Colorado Divorce: Increasing numbers of baby boomers end their marriages
While couples of all ages divorce, a recent study suggests that baby boomers, or those couples over the age of 50, are ending their marriages at unprecedented rates.
January 17, 2014 /24-7PressRelease/ -- Colorado Divorce: Increasing numbers of baby boomers end their marriages
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Getting married and then divorced is a common practice in Denver County, the U.S. and throughout the majority of Western culture. According to the American Psychological Association, more than 90 percent of people get married before they reach 50. However, the APA states that while marriage rates are high, so are divorce rates. Approximately 40 to 50 percent of marriages will eventually end in divorce.
Causes of gray divorces
While couples of all ages divorce, a recent study suggests that baby boomers, or those couples over the age of 50, are ending their marriages at unprecedented rates. According to a survey conducted by the American Association of Matrimonial Lawyers, 1600 of the members in this association were polled and over 61 percent of those surveyed stated that they had seen an increase in the number of divorces of couples over 50. In addition to this survey, research done by the National Center for Marriage and Family Research at Bowling Green State University states that the divorce rate for elderly couples has almost doubled in the past few years.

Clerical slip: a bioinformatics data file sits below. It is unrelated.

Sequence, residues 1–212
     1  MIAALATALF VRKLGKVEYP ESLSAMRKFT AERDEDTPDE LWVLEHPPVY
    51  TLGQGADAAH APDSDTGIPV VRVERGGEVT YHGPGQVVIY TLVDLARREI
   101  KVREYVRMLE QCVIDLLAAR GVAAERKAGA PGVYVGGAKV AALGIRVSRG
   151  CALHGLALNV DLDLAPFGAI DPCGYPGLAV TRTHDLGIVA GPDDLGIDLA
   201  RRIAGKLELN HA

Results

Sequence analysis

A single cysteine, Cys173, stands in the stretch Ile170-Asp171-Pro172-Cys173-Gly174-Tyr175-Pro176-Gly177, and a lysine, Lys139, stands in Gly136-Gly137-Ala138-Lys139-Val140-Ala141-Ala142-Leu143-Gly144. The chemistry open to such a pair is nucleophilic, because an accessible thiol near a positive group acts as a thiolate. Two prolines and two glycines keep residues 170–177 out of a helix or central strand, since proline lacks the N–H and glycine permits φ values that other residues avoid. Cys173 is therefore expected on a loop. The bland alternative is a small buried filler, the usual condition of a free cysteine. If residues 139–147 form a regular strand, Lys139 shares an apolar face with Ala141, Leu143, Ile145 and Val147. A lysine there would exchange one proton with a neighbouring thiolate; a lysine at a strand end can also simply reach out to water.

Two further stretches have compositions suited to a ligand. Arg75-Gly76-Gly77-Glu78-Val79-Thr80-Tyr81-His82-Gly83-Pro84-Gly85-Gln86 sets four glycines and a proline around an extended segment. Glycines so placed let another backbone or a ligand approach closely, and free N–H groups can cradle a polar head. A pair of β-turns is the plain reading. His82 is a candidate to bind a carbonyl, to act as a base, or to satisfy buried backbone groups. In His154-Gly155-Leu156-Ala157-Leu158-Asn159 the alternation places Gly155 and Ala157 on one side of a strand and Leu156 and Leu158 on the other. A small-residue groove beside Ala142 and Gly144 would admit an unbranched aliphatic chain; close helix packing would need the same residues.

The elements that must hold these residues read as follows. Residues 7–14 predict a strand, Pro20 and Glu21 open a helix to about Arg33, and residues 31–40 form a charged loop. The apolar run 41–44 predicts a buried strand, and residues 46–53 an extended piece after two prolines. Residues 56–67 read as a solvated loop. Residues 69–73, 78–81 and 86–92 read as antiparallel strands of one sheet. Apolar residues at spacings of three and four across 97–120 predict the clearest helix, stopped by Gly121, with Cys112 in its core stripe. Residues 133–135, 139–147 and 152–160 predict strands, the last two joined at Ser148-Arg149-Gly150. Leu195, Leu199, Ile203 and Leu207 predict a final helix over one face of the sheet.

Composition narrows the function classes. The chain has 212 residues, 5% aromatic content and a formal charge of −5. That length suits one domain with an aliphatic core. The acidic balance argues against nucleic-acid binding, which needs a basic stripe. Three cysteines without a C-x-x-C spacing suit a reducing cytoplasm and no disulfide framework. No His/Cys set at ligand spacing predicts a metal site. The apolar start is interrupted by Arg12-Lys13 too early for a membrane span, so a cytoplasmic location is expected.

Also termed, a "gray divorce," there are a variety of reasons why baby boomers are choosing to split from their spouses. The causes of divorce in older couples may include:
-Not feeling connected to their spouse, especially after children have grown and left the home.
-Realizing that life is short and desiring to take a new path in life.
-Inability to cope with deteriorating health, caring for elderly parents and dealing with the loss of loved ones.
While a gray divorce may give elderly couples the chance to take a different path in life, it can also be more burdensome financially than if they were to divorce earlier in their marriage. This is because older divorcing couples are entering into a point in their lives where they rely on social security or their retirement funds to survive.
Although older couples have less time to recover financially than their younger divorced counterparts, they can do several things to ensure their financial security in the later years of their life after a divorce. Older divorcees should try and cut down their expenses or go back to work to rebuild their retirement savings. While many parents in their older years desire to help out their children financially, parents should be realistic about their financial situation and let go of any thoughts that they need to do things like pay for their daughter's expensive wedding or help their children pay for their college education.
If you and your spouse are over the age of 50 and have decided to divorce, hire an attorney that can help your divorce go as smoothly as possible and protect your financial interests.
One way to control the outcome of the divorce process is to utilize the Collaborative Law Process. A primary goal of Collaborative Divorce is to keep the parties out of court while helping them focus on the mutually best resolution for both parties and the entire family. Collaborative Law allows the parties, rather than a judge or court facilitator, to manage the process with the assistance of highly trained family law attorneys. Having the attorneys focus on problem solving, rather than litigation provides both parties the best chance of managing the cost of the divorce process.
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